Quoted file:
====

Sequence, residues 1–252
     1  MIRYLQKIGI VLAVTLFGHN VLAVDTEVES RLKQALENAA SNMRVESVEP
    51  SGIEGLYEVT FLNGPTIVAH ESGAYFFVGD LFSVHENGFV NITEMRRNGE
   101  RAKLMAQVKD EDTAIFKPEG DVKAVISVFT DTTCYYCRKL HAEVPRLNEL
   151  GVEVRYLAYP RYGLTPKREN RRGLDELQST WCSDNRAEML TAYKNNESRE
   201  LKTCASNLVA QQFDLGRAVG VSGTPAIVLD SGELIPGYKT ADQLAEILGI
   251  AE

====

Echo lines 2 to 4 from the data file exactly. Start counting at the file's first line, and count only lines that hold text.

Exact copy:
     1  MIRYLQKIGI VLAVTLFGHN VLAVDTEVES RLKQALENAA SNMRVESVEP
    51  SGIEGLYEVT FLNGPTIVAH ESGAYFFVGD LFSVHENGFV NITEMRRNGE
   101  RAKLMAQVKD EDTAIFKPEG DVKAVISVFT DTTCYYCRKL HAEVPRLNEL